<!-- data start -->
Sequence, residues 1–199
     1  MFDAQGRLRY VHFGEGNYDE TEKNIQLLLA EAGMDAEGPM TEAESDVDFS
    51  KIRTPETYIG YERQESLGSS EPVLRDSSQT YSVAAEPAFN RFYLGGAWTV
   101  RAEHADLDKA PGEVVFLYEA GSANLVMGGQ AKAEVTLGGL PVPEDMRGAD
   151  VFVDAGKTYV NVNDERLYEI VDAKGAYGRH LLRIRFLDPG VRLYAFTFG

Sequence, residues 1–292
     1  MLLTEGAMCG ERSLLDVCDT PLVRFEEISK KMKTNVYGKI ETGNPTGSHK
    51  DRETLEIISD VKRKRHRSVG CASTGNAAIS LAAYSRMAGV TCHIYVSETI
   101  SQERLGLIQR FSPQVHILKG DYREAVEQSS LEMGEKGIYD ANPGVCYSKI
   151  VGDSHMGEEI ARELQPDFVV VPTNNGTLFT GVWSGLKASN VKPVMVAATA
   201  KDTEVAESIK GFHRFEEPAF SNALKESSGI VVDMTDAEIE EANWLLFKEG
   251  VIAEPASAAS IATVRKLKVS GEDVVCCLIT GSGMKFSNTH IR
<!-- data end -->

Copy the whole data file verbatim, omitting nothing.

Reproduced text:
Sequence, residues 1–199
     1  MFDAQGRLRY VHFGEGNYDE TEKNIQLLLA EAGMDAEGPM TEAESDVDFS
    51  KIRTPETYIG YERQESLGSS EPVLRDSSQT YSVAAEPAFN RFYLGGAWTV
   101  RAEHADLDKA PGEVVFLYEA GSANLVMGGQ AKAEVTLGGL PVPEDMRGAD
   151  VFVDAGKTYV NVNDERLYEI VDAKGAYGRH LLRIRFLDPG VRLYAFTFG

Sequence, residues 1–292
     1  MLLTEGAMCG ERSLLDVCDT PLVRFEEISK KMKTNVYGKI ETGNPTGSHK
    51  DRETLEIISD VKRKRHRSVG CASTGNAAIS LAAYSRMAGV TCHIYVSETI
   101  SQERLGLIQR FSPQVHILKG DYREAVEQSS LEMGEKGIYD ANPGVCYSKI
   151  VGDSHMGEEI ARELQPDFVV VPTNNGTLFT GVWSGLKASN VKPVMVAATA
   201  KDTEVAESIK GFHRFEEPAF SNALKESSGI VVDMTDAEIE EANWLLFKEG
   251  VIAEPASAAS IATVRKLKVS GEDVVCCLIT GSGMKFSNTH IR